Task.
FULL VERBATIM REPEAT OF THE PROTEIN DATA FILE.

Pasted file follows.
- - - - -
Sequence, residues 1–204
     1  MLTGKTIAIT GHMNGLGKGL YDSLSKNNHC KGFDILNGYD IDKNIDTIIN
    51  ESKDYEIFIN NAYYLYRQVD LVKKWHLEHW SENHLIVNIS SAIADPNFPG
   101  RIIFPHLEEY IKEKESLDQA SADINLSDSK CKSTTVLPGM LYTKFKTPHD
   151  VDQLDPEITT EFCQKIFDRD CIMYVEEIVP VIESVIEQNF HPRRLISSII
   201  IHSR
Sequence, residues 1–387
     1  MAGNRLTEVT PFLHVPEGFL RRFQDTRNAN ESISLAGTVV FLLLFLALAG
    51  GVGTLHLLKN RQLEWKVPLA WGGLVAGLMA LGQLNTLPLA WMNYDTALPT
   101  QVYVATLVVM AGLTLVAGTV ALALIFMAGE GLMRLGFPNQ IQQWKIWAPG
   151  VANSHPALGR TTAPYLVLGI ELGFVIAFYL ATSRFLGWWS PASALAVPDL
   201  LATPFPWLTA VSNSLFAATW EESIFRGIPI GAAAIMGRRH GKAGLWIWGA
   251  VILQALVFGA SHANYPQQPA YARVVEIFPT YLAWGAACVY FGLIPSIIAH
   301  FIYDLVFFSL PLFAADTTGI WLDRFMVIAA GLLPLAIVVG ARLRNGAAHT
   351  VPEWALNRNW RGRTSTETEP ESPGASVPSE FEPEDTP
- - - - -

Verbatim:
Sequence, residues 1–204
     1  MLTGKTIAIT GHMNGLGKGL YDSLSKNNHC KGFDILNGYD IDKNIDTIIN
    51  ESKDYEIFIN NAYYLYRQVD LVKKWHLEHW SENHLIVNIS SAIADPNFPG
   101  RIIFPHLEEY IKEKESLDQA SADINLSDSK CKSTTVLPGM LYTKFKTPHD
   151  VDQLDPEITT EFCQKIFDRD CIMYVEEIVP VIESVIEQNF HPRRLISSII
   201  IHSR
Sequence, residues 1–387
     1  MAGNRLTEVT PFLHVPEGFL RRFQDTRNAN ESISLAGTVV FLLLFLALAG
    51  GVGTLHLLKN RQLEWKVPLA WGGLVAGLMA LGQLNTLPLA WMNYDTALPT
   101  QVYVATLVVM AGLTLVAGTV ALALIFMAGE GLMRLGFPNQ IQQWKIWAPG
   151  VANSHPALGR TTAPYLVLGI ELGFVIAFYL ATSRFLGWWS PASALAVPDL
   201  LATPFPWLTA VSNSLFAATW EESIFRGIPI GAAAIMGRRH GKAGLWIWGA
   251  VILQALVFGA SHANYPQQPA YARVVEIFPT YLAWGAACVY FGLIPSIIAH
   301  FIYDLVFFSL PLFAADTTGI WLDRFMVIAA GLLPLAIVVG ARLRNGAAHT
   351  VPEWALNRNW RGRTSTETEP ESPGASVPSE FEPEDTP